I hope these technique ideas are helpful. Do the hill training that others have suggested and next season you can be one of those sick assasins on the hill.
|To be a better climber, climb better hills.||MB1|
Apr 17, 2002 8:21 AM
|Find the toughest hills around and make them yours. The kind of hills that riders avoid. Won't take long to see improvement.|
|So, you think that makes you special?||cory|
Apr 17, 2002 8:44 AM
|I can almost promise that compared to me, you're a MEDIOCRE climber. My picture is next to "crappy climber" in the dictionary...
Last year I finally got tired of it and decided to work really hard on climbing. I lost some weight (which was a big help), and whenever I was out just riding around, I made a point of attacking at least one hill I'd normally either avoid or spin up in the granny gear.
After four months of that, I was STILL a crappy climber--but on most of the long hills I ride, I could go a chainring (not just a cog, but a full chainring) higher than I'd been in April. As usual, the answer is Just Go Ride.
|drop some LBS||53x12|
Apr 17, 2002 11:18 AM
|spend thousands shaving grams off bike... or||DaveG|
Apr 17, 2002 2:09 PM
|I agree with MB1; if you want to climb better you have to train on hard climbs. One thing that has help me is to concentrate on climbing as efficiently as possible with an HR monitor. Pick a Heart rate that is below your AT and that you can tolerate (but still plenty painful). Find a long climb. When you hit that HR concentrate on getting as relaxed as possible and try to keep a smooth pedaling motion at a cadence that you like. Try to put out as little effort as you can while maintain the pace. I find when I do this that my HR actually drops a couple points and I can pick up the pace slightly.|
|re: I am a Crappy Climber...HELP...||funknuggets|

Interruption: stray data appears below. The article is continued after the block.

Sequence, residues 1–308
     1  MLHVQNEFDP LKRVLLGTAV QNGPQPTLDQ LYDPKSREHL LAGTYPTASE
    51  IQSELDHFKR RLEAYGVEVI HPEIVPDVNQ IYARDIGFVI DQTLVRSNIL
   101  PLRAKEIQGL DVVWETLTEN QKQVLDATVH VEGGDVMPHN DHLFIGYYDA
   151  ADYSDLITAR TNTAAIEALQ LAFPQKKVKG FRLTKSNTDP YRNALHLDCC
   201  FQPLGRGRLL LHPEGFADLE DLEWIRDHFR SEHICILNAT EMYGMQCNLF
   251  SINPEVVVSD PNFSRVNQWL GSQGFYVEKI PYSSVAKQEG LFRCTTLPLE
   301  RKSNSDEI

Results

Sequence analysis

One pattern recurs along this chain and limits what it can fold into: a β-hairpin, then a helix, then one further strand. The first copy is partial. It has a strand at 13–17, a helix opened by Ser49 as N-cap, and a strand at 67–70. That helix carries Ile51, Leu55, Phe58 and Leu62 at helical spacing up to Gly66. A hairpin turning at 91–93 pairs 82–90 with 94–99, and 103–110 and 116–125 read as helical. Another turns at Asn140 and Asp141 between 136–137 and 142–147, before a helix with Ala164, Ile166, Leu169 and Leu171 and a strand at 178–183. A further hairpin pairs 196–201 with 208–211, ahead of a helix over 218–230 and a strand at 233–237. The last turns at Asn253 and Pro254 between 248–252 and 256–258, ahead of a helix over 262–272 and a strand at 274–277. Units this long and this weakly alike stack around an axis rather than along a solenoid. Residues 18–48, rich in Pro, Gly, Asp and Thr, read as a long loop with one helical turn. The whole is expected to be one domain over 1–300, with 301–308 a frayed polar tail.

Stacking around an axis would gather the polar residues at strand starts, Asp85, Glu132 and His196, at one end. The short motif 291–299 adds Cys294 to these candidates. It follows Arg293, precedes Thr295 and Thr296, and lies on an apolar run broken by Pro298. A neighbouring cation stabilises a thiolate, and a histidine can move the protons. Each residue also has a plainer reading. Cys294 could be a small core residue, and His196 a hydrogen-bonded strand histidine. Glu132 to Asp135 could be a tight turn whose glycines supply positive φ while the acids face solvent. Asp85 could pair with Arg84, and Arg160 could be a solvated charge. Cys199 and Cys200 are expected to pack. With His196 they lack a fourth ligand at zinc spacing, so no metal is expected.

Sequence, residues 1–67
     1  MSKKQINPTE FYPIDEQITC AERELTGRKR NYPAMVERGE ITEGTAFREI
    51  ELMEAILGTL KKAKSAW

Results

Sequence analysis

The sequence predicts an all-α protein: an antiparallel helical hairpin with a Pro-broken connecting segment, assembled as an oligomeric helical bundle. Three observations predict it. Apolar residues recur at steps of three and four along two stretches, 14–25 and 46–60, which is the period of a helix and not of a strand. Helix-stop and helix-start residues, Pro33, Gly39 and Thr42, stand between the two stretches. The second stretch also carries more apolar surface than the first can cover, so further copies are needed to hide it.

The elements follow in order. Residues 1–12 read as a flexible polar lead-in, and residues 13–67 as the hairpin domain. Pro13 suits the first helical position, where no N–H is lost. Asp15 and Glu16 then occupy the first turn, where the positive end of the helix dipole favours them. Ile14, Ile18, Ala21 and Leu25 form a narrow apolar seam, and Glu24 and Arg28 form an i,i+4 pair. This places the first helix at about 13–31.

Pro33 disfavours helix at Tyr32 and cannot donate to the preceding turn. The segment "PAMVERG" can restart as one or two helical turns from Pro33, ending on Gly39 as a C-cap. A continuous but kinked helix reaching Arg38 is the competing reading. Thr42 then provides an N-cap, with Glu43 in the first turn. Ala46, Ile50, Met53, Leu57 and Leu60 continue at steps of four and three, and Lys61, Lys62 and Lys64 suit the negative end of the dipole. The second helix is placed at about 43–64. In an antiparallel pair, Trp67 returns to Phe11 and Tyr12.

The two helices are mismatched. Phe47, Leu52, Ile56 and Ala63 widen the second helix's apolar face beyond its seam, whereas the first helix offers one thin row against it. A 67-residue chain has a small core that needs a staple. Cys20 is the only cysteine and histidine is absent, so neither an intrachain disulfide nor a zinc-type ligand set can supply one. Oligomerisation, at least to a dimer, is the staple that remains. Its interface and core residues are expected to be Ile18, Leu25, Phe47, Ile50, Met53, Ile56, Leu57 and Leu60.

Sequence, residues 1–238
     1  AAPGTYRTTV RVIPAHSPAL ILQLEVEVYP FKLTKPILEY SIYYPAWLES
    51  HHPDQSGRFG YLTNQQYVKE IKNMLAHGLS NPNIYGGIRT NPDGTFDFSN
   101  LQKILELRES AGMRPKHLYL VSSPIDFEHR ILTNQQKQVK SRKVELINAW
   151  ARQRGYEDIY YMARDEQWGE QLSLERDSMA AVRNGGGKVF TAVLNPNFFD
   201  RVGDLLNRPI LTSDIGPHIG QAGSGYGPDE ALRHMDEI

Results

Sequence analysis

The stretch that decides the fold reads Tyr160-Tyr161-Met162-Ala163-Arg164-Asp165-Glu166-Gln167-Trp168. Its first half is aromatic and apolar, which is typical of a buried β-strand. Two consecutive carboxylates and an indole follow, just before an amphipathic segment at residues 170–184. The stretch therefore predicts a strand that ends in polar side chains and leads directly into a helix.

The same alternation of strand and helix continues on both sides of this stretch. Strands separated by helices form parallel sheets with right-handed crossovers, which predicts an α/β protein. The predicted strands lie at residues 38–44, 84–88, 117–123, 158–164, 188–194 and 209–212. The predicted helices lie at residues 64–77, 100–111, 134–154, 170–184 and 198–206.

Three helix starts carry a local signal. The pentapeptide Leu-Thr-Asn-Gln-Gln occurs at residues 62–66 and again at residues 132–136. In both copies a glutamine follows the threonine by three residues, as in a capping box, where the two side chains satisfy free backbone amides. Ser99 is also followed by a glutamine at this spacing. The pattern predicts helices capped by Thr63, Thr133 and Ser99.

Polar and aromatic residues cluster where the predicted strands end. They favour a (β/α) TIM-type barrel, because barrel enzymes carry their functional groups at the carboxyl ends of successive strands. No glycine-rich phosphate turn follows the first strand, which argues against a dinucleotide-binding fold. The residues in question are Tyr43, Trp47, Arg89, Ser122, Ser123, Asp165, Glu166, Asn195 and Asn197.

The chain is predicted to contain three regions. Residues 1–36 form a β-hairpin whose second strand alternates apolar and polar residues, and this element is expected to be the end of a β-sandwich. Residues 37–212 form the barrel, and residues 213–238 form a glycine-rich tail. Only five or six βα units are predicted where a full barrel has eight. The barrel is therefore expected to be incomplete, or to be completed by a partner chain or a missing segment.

Apr 17, 2002 2:33 PM
|Try finding a long (1-2 mi) medium grade hill. Lets say you run a 9 sp 11-21 rear, start the 1st hill in 21, and one third of the way go to 19, then 2/3 up go to 17, continually increasing speed. Then go back down and start at 19, and go down until you run out of gears, which I believe would be 6 in this case.
Or... you could ride this hill we have outside town that is long and brutal and then at the top of the hill lives a cantankerous fat lab that likes to bite. Funny how gnashing teeth can help you find amazing legspeed despite being in heartattack level HR.
|re: I am a Crappy Climber...HELP...||Ernie1212000|
Apr 18, 2002 4:06 AM
|Get a Mountain Bike and be amazed at the steep stuff you need to climb on the trails. Off road it's all about explosive power and momentum so it will toughen you up for the road.
I've suffered up some climbs on the road, but it's nothing compared to climbing a loose or muddy singletrack up the side of a mountain. After pushing a heavy MTB around your road bike will feel like a magic carpet ride up the hills on nice smooth pavement.
Actually, all the advice about riding more hills and pacing yourself will work too, but sometimes a little cross training breaks things up and helps people reach the next level.
P.S. I suck too. I attack like a freak and nearly suffer cardiac arrest over even short hills.